Sunday, May 11, 2014 | 2 a.m.
Close your eyes. Can you feel it? The sun warming your face; the breeze washing over your skin. It’s just you, the road and your motorcycle.
Las Vegas, with its warm temperatures and infrequent rainfall, is a place where a motorcycle can be ridden most of the year. Although riding safely requires concentration and skill, a motorcycle can be an effective and far cheaper alternative to a car.
Whether it’s for fun or necessity, motorcycles are just as different as the people who ride them. Intrigued? Here’s a quick rundown of information that will keep your knees in the breeze and a smile on your face.
Plenty of people can operate a motorcycle. Doing it safely is the trick. The Motorcycle Safety Foundation trains thousands of students each year based on a 15-hour curriculum of classroom and riding time; it even provides the motorcycles. These courses not only teach the step-by-step process of how to operate the mechanics, they offer defensive riding tips under various weather and traffic conditions.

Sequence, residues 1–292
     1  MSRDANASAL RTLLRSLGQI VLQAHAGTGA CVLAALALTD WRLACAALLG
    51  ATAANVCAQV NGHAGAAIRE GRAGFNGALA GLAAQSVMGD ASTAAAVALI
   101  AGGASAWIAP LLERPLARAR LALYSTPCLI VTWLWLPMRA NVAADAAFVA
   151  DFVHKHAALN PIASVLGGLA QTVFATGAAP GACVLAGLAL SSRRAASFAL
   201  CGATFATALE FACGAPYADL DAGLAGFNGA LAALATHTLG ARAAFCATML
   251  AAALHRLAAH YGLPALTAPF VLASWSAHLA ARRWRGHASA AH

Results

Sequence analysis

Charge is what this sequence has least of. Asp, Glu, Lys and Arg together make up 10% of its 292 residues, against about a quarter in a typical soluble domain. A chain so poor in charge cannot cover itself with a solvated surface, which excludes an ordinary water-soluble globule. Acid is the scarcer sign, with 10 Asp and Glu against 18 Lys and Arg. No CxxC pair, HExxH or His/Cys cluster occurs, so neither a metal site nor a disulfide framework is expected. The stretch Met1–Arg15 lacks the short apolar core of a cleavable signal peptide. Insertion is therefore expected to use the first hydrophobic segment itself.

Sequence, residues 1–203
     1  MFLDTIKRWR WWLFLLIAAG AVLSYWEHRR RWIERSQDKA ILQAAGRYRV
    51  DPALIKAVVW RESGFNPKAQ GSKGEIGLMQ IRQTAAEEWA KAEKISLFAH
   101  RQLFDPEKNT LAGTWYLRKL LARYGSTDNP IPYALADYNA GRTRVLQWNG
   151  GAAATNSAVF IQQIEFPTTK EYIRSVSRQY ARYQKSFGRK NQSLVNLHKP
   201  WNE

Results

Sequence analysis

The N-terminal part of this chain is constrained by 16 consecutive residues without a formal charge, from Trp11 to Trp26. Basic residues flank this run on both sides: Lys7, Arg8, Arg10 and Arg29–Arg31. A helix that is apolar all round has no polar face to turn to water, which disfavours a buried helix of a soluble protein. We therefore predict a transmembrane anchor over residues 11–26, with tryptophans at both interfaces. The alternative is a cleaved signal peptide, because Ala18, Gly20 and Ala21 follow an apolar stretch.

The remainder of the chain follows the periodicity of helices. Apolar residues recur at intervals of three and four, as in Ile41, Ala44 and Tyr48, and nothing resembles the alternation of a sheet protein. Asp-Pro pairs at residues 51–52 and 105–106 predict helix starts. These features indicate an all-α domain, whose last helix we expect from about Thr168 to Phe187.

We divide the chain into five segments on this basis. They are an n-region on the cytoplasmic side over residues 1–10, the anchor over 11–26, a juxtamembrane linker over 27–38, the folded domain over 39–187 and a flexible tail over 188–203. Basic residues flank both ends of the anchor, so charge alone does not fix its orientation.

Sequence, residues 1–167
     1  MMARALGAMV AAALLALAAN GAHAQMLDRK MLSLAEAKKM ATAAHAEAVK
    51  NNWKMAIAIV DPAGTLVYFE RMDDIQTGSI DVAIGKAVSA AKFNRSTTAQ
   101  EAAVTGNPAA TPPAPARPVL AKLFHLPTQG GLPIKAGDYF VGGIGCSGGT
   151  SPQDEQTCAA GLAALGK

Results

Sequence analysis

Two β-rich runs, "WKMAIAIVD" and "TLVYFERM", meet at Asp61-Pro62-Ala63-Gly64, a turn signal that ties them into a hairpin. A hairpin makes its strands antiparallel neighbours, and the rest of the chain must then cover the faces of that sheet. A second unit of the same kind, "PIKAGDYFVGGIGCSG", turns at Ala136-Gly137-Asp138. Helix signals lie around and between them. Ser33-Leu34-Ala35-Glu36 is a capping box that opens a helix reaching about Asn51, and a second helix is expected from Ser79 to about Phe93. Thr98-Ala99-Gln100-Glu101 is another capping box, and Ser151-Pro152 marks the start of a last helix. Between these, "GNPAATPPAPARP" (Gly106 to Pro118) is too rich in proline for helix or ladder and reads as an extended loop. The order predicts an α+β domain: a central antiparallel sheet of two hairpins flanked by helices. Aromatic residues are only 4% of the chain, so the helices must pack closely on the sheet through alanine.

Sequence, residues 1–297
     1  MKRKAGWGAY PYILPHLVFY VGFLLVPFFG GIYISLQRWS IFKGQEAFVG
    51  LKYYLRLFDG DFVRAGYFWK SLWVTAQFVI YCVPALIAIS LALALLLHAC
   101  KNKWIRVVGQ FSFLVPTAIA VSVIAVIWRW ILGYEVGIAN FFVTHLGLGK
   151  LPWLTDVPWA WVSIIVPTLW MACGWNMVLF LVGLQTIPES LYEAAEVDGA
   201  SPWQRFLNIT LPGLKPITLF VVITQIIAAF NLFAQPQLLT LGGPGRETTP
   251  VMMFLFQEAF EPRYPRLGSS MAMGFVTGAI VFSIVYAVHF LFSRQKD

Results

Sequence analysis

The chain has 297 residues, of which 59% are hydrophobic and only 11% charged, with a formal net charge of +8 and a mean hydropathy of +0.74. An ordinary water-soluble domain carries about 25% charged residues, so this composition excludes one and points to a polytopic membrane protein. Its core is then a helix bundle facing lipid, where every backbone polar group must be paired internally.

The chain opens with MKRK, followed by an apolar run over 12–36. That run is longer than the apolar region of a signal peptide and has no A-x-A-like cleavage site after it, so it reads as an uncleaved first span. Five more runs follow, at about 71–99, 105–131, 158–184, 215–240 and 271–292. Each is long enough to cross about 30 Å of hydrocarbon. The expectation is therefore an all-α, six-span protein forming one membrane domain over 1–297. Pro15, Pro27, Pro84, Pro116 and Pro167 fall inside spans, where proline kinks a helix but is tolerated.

While you can take the tests at the DMV, the MSF instructors certify you right on site, so you can bypass standing in line. In Nevada, a motorcycle endorsement is designated with an “M” on the back of your license. Get caught riding without it, and you’ll pay a $295 fine, which is more than it costs to enroll in the program. Courses also are offered at Harley-Davidson dealerships and CSN locations throughout the valley.
Base price: $4,950